Wladislaw

Wladislaw

Wladislaw, Wladyslaw, and Wladislas, Pol. Władysław. For Polish rulers thus named, use Ladislaus.
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Clint Walker played Posey, aka 1; Donald Sutherland played Pinkley, aka 2; Jim Brown was Jefferson, aka 3; Ben Carruthers played Gilpin, aka 4; Stuart Cooper played Lever, aka 5; Tom Busby was Vladek, aka 6; Colin Maitland played Sawyer aka 7; Telly Savalas played Maggott, aka 8; Charles Bronson played Wladislaw, aka 9; Trini Lopez was Jiminez, aka 10; John Cassavetes played Franko, aka 11 and Al Mancini played Bravos, aka 12.
And this Wladislaw, who became the prince of Gniezno after his uncle, the great Wladislaw, having killed the said Lesek and captured Duke Henry of Wroclaw, who was a true believer, died eventually by God s order because of his own licentiousness as follows.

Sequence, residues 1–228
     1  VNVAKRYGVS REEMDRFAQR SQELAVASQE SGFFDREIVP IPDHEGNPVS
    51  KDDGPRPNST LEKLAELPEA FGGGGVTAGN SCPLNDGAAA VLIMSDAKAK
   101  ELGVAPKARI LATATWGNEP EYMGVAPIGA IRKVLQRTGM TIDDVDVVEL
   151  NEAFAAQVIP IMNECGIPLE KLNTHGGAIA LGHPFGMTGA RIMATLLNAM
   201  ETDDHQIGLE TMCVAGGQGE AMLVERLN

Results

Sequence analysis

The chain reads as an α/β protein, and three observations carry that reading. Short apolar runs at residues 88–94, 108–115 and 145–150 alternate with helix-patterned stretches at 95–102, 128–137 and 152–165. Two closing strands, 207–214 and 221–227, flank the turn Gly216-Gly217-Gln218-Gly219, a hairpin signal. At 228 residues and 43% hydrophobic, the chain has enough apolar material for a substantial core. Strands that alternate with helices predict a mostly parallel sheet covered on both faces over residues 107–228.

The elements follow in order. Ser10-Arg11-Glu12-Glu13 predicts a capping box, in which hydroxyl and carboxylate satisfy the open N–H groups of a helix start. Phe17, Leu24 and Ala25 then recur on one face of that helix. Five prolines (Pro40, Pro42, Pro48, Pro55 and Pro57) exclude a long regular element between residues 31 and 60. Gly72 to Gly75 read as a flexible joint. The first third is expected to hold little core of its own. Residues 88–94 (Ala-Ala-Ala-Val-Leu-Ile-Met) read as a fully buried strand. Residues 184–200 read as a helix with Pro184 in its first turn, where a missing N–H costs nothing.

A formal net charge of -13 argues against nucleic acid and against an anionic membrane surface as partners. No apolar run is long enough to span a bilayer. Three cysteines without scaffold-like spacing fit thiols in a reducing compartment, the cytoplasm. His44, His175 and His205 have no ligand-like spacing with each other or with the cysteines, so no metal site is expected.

Also, next year, he performed Wladislaw Szpilman Concertino with symphonic orchestra in Rzeszow, Poland.
Inosemzev, Wladislaw (2014), "Die drohende Krise," International Politik (Special No.
Birtley's Isaac Milburn lost on a split decision to Wladislaw Baryshnik in England's Under-21 match against Germany at Basingstoke.
The first obvious signs of unrest occurred in Poland, where several riots broke out in June 1956, imposing a series of claims and reforms: the Polish Communist Party called for a reinstatement of the purged Wladislaw Gomulka as head of the party; the dissolution of organized collective agricultural farms; higher privileges for the Catholic Church; the overall reduction in the intensity of state control, etc.
Ouvrieres, 2010, p24f.; Wladislaw Hedeler and Alexander Vatlin (eds.), Die Weltpartei aus Moskau.